Friday, July 20, 2018

Shayla: "Our Furry Child"

I had to include a picture with today's blog, so that you would be able to appreciate this beautiful lady who is so much a part of our daily lives: our black labrador, Shayla.

We rescued her from a county shelter about eight years ago. She was three then. There has never been a time in our married life that we have not had at least two dogs in our family; at one time we had four! (That proved to be a bit much.) When we got Shayla, we had recently lost Rascal, a male Karelian Bear Dog who lived a full life for 17 years. We got him as a puppy, so it was the worst canine sadness of all for R.J. and me.

The other dog who shared Rascal's life was Molly Brown (a beagle/hound mix) and when Rascal died, she literally pined for him. He had been like a dad to her since the day we'd brought her home as a puppy from the pound. (We've always had rescue dogs.) Molly immediately accepted Shayla into the family, and I guess the feeling was mutual, because when Molly left this world, Shayla pined for her as well.

Thinking about a blog topic today, I passed our sleeping ball of fur in the living room, and decided that she need to be introduced to you all. She's almost 12 now, and the vet says she is very healthy for her age. We could have told him that. I sometimes think she is smarter than either of us, and, just for the record, she is also spoiled rotten. We have always spoiled our dogs with treats and lots of love, and they have all had long, healthy times here on earth.

Shayla is our only dog since Molly's passing. We talked about getting a friend for her again, but she seems to enjoy being our only canine, and we see no reason to upset that balance.

From the time I was born, dogs have been part of my life. My parents always had them, and R.J. and I got our first puppy in our first year of marriage. There are many stories about them all, and I think I'll feature different "furry children" in upcoming blogs. I've always believed that having them has added a unique richness to our home life. They've also constantly reminded me of the one-of-a-kind devotion they give to their human parents. That's a gift like no other.

Friday, July 6, 2018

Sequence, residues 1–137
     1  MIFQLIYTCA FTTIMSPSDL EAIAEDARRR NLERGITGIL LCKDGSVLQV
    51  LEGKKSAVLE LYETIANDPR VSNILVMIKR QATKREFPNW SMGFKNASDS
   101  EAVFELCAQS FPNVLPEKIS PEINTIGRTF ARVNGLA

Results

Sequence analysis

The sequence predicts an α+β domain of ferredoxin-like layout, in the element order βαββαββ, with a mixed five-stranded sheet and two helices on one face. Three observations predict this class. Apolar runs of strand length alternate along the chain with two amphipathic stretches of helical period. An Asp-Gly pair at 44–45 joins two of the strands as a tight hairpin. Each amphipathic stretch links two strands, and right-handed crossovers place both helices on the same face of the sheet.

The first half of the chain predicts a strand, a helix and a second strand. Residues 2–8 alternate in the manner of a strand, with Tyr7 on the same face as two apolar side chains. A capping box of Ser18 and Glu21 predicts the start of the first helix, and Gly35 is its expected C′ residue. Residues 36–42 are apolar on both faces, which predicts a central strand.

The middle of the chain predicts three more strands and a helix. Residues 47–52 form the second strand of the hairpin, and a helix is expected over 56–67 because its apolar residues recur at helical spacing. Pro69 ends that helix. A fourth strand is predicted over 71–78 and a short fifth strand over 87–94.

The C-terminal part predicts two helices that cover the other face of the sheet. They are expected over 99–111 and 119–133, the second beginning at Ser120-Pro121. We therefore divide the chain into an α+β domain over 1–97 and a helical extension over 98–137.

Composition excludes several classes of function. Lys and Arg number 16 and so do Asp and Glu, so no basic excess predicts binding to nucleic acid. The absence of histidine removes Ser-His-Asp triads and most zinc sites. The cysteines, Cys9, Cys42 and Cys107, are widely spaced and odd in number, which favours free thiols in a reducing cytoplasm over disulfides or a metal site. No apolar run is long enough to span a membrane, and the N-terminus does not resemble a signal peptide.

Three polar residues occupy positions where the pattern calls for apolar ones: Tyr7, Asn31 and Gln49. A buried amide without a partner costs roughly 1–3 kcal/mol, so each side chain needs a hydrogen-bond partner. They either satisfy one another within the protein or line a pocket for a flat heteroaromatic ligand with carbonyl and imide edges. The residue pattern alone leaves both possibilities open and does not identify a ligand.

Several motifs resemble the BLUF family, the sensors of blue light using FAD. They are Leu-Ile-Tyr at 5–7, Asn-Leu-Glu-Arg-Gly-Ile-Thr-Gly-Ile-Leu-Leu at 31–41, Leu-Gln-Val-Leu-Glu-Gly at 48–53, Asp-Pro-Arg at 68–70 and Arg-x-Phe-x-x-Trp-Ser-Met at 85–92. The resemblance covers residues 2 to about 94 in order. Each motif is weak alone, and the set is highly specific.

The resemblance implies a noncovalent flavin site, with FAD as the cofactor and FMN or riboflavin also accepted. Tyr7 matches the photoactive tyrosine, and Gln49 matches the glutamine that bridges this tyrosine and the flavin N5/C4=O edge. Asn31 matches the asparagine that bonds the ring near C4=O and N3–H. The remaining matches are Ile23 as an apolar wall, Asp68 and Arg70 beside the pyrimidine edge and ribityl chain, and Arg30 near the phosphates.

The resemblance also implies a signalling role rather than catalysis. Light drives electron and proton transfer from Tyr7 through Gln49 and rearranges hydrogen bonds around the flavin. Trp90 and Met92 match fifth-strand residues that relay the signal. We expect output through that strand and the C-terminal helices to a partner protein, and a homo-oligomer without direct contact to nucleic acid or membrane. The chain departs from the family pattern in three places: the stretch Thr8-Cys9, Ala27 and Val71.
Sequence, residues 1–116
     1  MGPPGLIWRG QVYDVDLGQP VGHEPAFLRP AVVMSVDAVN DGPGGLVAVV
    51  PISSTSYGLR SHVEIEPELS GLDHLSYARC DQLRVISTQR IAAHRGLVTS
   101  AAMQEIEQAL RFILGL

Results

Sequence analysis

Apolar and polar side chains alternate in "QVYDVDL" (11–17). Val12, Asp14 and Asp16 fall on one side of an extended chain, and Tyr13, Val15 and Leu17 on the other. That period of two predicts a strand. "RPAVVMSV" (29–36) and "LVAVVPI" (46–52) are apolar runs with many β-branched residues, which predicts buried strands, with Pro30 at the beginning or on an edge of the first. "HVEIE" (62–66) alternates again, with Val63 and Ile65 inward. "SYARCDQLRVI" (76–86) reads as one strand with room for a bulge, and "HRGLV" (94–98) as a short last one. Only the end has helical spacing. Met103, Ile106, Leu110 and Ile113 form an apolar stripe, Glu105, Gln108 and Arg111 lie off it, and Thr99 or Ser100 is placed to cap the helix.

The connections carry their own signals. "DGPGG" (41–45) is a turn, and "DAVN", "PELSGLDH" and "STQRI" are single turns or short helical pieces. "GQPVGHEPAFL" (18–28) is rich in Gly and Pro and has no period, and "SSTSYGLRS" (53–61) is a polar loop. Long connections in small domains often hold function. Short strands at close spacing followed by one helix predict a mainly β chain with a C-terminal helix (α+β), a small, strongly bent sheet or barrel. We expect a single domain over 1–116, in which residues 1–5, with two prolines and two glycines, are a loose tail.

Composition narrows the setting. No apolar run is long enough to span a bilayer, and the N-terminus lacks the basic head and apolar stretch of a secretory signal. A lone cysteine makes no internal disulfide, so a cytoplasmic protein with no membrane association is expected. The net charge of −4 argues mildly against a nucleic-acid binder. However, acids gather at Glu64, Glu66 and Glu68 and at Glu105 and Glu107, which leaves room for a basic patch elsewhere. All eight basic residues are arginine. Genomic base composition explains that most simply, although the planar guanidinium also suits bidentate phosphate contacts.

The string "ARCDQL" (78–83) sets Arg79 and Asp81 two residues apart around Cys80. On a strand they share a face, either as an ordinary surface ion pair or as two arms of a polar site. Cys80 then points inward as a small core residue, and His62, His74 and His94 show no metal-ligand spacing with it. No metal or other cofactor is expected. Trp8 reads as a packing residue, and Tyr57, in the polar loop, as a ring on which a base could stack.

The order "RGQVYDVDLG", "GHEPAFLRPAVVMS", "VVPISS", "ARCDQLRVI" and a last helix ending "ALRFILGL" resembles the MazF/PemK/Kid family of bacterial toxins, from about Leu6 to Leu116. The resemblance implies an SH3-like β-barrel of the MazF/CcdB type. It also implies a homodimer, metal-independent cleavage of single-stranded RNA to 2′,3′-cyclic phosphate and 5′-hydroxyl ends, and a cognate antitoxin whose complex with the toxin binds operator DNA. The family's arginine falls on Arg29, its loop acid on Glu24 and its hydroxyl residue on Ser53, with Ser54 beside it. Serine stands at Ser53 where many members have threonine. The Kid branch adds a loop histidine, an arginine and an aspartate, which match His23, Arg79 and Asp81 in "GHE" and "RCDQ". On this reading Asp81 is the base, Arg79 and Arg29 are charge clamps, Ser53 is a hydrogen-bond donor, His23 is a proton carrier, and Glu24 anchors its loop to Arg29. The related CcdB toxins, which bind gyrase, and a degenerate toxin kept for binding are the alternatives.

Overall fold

Remembrance For A Friend

I've spent the better part of an hour trying to begin this post. All my words have been carefully thought about, but eventually deleted, because they all seemed to pale and wane when I read them.

I lost a special friend recently; a woman I cherished in my life for over twenty years. She was older than me, but I never thought of her that way. From the day we first met, there was a connection, enforced by mutual respect, and a love for life, that bonded us.

The struggle I'm having with writing about my sadness over this loss speaks to what a unique woman she was, and that's why just stringing together adoring adjectives fail miserably. She was a giving individual, both to her community, her family, and her friends. All commendable attributes, but many deserving people can be described that way.

She and her husband were welcomed into our home numerous times, as I was to hers, and we shared so many fun and rewarding moments together while we lived near each other. After I moved away, we would have regular visits by phone, keeping in touch with each other's lives, and commenting on a host of topics. 

I learned much from her. She was educated, worldly, and had a delightful sense of humor (and a laugh that never failed to make my day). I'd like to hope that a small part of what she taught me I have succeeded to emulate.

Our last visit in person was about a year ago, and a treasured memory. My husband and I were back in the town, where she still lived, for a book signing, and I loved being able to present her with my novel, which I lovingly inscribed to her. A few weeks later, she sent me a note praising my writing, and sharing specific ways in which the book had touched her. Her words were so beautifully crafted; I read that note over and over.

I've given you just a few of the many ways this woman influenced my life. I'm sure, if I'd expressed these to her during her lifetime, she would have deflected them. That was another reason I loved her; she was gracious and unassuming.

I guess the best thing to do is just to say, I was definitely lucky she chose to be my friend. And my tears will continue for some time, because I will miss her voice, her hugs, and her never-ending love of life.

Friday, June 15, 2018

Love Being A Wordsmith

My title today is sincere; there is nothing I enjoy more than weaving words in a way that keeps readers reading. I don't pretend to be the best at it, but since the definition of wordsmith, according to Webster, is "a person who works with words", I can honestly call myself one.

Last week, R.J. and I announced the title of our next Walt Disney World book: Imagination And Dreams Are Forever. It occurred to me, as I was deciding on a topic for this blog, that our followers might be curious about why we chose it.

It is a reference to a quote attributed to Walt Disney, and those two words, Imagination and Dreams are ones that relate to 1) what Walt wanted his theme park to be about, and 2) what our lives have been as a result of our inclusion into his World.